Over fifteen years ago I quipped in my Auckland Metro technology column that we were entering a less-cash world with…
During national Techweek, 20-26 May 2019, Business HB will attempt to showcase the best the region has to offer in robotics, automation and leading edge software to bolster local awareness and hopefully draw the attention of outside investors and innovators.
Tech advances are clicking along more quickly than our educational institutions or local authorities are able to grasp, and our region is only one contender among many trying to stay on the up-side of the digital divide.
Wellington and Tauranga, for example, are making significant investments pitching to tech trojans, skilful software designers and intellectual property (IP) creators, and even Gisborne is claiming Rocket Lab in its tech hub marketing hype.
The latest EIT-Business HB research suggests Hawke’s Bay has an almost desperate need for technical skills to cope with a rapidly changing workplace where innovation is the norm and quick thinkers with digital era skills are in hot demand.
Barry Soutar, CEO of Māori nonprofit organisation Te Tira Toi Whakangao (T3W), on a mission to create 100 Māori tech companies by 2023, says we can no longer build economies solely on horticulture or dairying and our regional challenges are even more basic than diversification.
Upping digital stakes
“We have no choice; tech is involved in every industry and forecast to replace dairy as our second largest export earner before 2022.”
Soutar, a director of Orawa, which plans a hi-tech accelerator for Hawke’s Bay, and the brains behind this year’s hackathon, says that seismic economic shift is coming at us quicker than we imagine.
He claims we’ve passed “peak cow”, with dairying growing at less than 1% on a $40 billion base, while tech is growing at around 12.5% on a $12 billion GDP base.
And Soutar says we’ve also passed “peak tourism” in many parts of the country. “The carrying capacity of the asset can no longer sustain the volume of tourists, so you have to increase the quality of the experience, for example using technology for better story-telling, so they’ll pay you more.”
There’s no question Hawke’s Bay has come a long way in the past five years. There’s been significant progress overcoming geographic isolation through airline competition and reduced fares. And the regional rollout of the Ultrafast fibre optic broadband digital highway is expected to be completed by 2020.
With good broadband, groupware, videoconferencing and cloud-based computing, digital entrepreneurs with valuable IP can work with virtual teams across the region or anywhere around the world.
A catalyst for collaboration has been the HB Business Hub in Ahuriri, a co-location centre for 18 different agencies including Business HB, the economic development arms of Wairoa, Central Hawke’s Bay, Napier and Hastings councils, and representatives of Callaghan Innovation employed by the Hawke’s Bay Regional Council. The HB Chamber of Commerce also lives there.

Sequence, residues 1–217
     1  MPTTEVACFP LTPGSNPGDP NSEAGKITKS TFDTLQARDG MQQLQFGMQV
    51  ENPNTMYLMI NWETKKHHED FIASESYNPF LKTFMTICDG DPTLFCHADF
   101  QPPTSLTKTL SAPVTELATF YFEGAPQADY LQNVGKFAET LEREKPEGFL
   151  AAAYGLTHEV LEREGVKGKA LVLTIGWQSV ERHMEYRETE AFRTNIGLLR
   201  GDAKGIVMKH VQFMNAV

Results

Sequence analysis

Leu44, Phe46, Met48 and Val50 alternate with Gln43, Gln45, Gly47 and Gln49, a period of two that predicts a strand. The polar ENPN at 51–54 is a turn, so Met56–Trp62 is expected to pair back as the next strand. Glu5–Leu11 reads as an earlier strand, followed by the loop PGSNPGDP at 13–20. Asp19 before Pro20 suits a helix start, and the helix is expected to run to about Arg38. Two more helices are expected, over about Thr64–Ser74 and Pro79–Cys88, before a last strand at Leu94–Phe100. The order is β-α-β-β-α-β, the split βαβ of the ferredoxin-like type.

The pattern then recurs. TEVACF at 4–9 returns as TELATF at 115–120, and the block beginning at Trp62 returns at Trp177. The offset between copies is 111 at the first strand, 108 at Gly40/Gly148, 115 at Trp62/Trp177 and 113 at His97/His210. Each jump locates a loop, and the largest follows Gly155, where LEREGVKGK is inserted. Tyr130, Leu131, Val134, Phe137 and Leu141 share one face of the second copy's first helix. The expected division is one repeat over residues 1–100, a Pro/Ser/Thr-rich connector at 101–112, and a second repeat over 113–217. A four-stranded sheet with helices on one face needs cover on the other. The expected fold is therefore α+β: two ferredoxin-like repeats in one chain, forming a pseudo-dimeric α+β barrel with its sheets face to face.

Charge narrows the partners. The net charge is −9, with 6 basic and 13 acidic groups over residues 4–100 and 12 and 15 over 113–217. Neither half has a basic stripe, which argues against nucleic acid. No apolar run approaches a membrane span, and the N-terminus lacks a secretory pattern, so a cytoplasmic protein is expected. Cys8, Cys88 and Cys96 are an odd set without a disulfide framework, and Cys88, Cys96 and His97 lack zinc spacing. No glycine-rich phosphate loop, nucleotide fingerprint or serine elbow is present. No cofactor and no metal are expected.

Another group hosted at the hub and focused on attracting business includes Napier Port, Hawke’s Bay Airport and five council economic development managers.
Business HB CEO, Carolyn Neville, says this relatively recent coordinated approach means customers no longer have to run around five different offices and it’s a distinct advantage for her team as they try to generate a buzz for the Bay as a place of innovation and entrepreneurship.
Just down the road from the Business Hub is Wallace Development’s Tech Collective, a hive of activity that gives a glimpse of the kind of work environment that attracts hi-tech talent.
Here, local success stories including global cloud accounting maven Xero, telco and tech solutions firm NOW and software developer Webfox are clustered in purpose-built workplaces around an open plan area with a coffee shop, meeting rooms and other shared facilities. Another key tenant is international cloud-based property management software company Re-Leased which plans to more than double its team of 60 software developers over the next three years. Its $10 million investment, including a $5000 incentive to attract candidates and even help train them, will help it meet the demand coming from clients in 40 countries.
The Tech Collective also has a hot-desking centre in Havelock North and plans for another facility in Hastings designed to promote networking and collaboration among those in this critical sector.
The tech sector is not always visible given that software development in particular is often embedded in everything from business systems to robotics, automation and fruit sorting
While it’s not difficult to come up with a couple of dozen extraordinary regional companies who have developed world class systems, it’s more difficult to quantify the unseen scores of smart software coders, designers and engineers working from their home offices.
One idea to build and support local capacity is to create an informal co-working space where a growing number of freelancers working on contracts in the ‘gig economy’ can share skills or collaborate and support each other.
Business HB’s Carolyn Neville notes, there’s a clear gap in tech support across the growing area of food processing and definitely room for growth in all areas of the primary sector and niche areas like hemp, where “disruptive ideas and technology can break new ground”.
While the Business Hub is “a nice asset”, says Fingermark CEO Luke Irving, the councils’ joint initiative needs to go much further. “You have to have a scheme and strategy; to be brave and go into the cities and say we want your business in Hawke’s Bay and this is what we’re going to give you as an incentive.”